“There is no wider Christendom today. The very word, once commonly used to designate our Western civilization, is going out of style and even out of knowledge. Many have never heard it, cannot pronounce it, much less explain and serve what it stands for. At this moment of history, Christendom can exist only in small and self-contained places. But the Christian in such a place never settles for it, never hides in it, for he has a message to bring to the world.”

“There is no wider Christendom today. The very word, once commonly used to designate our Western civilization, is going out of style and even out of knowledge. Many have never heard it, cannot pronounce it, much less explain and serve what it stands for.

Q. What kind of young person is attracted to your school? Where are they from? What kind of student are they? What are they seeking?

A. We attract a wide range of students, from home-educated to public school. From students who are from our state of Virginia to as far away as Africa. From students interested in acting and the fine arts to students who love the competition of our varsity sports. In general, they are students who are attracted to the lasting value of a liberal arts education and hold a deep love for the Faith.

Our varied student body, coupled with the ample opportunities to be active in or lead a wide variety of clubs makes our campus life very rich.

This past freshman class was comprised of 139 students, the largest in our history: 38% are siblings of either current Christendom students or alumni, 14% are legacy students, 45% attended one of the College’s Summer Programs, and from 31 US States, Italy, and Japan. Their average SAT score was 1833 – the highest in 5 years.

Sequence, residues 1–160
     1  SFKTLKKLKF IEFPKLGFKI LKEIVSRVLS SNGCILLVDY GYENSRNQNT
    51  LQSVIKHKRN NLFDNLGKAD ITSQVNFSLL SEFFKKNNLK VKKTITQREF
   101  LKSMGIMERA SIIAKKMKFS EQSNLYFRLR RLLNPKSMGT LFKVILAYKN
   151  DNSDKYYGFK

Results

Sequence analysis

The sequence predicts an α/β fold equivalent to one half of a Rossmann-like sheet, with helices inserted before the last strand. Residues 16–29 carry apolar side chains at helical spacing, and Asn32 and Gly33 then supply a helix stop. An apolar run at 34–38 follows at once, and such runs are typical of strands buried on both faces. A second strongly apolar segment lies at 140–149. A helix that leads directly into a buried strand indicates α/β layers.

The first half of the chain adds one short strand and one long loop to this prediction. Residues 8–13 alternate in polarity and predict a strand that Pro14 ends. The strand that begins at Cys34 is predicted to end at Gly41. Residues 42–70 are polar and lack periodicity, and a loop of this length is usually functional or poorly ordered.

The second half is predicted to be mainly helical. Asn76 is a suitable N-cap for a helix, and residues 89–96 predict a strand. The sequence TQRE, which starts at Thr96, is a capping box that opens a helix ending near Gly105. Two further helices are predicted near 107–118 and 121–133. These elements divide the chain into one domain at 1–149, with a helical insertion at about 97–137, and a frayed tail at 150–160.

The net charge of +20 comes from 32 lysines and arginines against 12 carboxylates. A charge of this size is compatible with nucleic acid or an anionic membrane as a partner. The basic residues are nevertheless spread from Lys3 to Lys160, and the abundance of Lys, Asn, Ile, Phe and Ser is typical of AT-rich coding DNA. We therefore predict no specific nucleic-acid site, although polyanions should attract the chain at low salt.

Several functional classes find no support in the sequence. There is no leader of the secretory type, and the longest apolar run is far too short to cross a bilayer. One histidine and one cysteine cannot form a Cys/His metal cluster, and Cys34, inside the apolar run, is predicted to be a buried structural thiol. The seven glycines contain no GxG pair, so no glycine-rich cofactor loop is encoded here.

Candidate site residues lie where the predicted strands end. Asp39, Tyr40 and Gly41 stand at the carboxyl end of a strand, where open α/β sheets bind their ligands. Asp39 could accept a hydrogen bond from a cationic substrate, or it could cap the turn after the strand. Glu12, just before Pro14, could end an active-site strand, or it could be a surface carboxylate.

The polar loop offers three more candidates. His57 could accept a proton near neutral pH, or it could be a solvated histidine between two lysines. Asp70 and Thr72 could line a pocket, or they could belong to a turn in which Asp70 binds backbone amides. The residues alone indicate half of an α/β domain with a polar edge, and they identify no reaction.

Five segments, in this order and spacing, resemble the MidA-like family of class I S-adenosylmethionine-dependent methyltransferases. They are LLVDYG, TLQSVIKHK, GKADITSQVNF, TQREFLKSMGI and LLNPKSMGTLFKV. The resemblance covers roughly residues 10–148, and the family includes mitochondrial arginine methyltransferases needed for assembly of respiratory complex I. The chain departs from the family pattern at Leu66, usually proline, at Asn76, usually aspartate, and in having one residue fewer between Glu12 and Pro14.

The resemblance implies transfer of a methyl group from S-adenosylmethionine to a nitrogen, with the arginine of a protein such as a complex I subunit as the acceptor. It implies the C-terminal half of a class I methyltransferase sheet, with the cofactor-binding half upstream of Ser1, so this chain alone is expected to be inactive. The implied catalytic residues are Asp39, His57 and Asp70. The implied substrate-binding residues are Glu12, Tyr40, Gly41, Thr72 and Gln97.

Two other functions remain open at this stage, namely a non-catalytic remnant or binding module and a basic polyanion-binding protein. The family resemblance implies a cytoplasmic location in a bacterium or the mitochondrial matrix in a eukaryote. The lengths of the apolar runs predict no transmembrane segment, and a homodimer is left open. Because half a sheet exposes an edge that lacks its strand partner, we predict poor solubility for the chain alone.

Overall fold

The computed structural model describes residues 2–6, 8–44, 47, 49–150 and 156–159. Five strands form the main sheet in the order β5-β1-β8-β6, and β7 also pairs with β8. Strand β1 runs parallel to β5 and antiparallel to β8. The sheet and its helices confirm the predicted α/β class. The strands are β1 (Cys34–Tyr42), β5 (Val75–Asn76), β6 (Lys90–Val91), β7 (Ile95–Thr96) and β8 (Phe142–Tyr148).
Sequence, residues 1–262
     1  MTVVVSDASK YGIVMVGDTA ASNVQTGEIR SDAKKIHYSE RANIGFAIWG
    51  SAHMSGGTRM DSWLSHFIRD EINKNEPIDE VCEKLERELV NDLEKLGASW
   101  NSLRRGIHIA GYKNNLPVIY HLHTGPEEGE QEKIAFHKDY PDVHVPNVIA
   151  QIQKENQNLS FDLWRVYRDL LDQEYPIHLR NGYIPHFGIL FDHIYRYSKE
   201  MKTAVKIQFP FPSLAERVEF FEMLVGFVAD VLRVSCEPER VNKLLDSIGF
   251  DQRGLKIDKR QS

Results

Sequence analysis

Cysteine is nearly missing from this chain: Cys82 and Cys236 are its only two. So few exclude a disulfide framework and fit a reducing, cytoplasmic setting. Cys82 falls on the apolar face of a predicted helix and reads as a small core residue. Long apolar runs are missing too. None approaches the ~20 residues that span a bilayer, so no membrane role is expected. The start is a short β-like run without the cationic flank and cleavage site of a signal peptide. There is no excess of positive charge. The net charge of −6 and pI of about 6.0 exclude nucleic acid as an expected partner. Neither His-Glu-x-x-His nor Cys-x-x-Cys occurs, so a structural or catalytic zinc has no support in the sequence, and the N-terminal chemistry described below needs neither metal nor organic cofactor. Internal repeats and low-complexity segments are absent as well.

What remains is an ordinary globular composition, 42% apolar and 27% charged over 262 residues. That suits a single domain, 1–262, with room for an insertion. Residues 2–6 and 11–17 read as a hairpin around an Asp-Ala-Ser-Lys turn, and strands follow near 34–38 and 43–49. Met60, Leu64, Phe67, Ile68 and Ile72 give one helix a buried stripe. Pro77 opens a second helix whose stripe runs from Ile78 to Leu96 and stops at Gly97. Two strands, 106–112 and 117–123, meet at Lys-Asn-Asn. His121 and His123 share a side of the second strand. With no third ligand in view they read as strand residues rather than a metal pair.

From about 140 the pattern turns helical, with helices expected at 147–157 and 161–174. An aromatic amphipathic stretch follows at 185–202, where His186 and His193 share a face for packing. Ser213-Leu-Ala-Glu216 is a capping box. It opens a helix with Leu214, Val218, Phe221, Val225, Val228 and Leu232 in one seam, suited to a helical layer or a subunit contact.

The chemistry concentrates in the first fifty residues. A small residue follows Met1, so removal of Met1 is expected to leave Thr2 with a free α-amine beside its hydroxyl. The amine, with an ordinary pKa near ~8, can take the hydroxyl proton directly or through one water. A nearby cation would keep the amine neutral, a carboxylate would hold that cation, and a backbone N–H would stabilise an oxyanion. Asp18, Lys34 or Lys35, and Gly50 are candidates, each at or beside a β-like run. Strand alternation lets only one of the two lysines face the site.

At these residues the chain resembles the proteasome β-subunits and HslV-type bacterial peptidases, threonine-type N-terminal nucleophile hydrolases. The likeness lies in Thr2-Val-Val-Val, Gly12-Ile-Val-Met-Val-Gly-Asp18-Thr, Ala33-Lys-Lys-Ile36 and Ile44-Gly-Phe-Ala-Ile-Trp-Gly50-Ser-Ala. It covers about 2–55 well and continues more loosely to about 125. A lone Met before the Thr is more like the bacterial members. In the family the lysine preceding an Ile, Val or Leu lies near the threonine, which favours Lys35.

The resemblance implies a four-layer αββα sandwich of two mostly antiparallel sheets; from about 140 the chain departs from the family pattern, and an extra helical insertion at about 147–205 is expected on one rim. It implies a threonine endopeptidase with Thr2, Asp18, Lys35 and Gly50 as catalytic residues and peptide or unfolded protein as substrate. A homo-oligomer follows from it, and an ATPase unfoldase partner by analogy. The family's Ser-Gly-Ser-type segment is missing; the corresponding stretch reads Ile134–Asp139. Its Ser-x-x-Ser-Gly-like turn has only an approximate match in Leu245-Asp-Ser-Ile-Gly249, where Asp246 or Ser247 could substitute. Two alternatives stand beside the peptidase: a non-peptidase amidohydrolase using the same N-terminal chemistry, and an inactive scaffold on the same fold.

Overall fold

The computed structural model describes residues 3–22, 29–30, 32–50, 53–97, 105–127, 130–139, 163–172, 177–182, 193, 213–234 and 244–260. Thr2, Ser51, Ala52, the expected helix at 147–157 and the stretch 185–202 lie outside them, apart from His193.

Q. How do students rate their experience of your school?

A. Here are two testimonies from last year’s graduates:

“My four years at Christendom have given me the best friends I may ever have, an education that is unparalleled in its commitment to Catholicism, and the opportunity to see virtue in action. What we have been given is priceless.”

At graduation, Anne Carroll, the wife of Christendom’s founder Warren Carroll, quoted what our founder used to call “The Watchwords of Christendom,” saying, “Truth exists. The Incarnation happened.”

“This, she said, was what motivated Dr. Carroll to found Christendom, to write the History of Christendom series, and to inspire so many young people to pursue truth in a world that has forgotten it exists.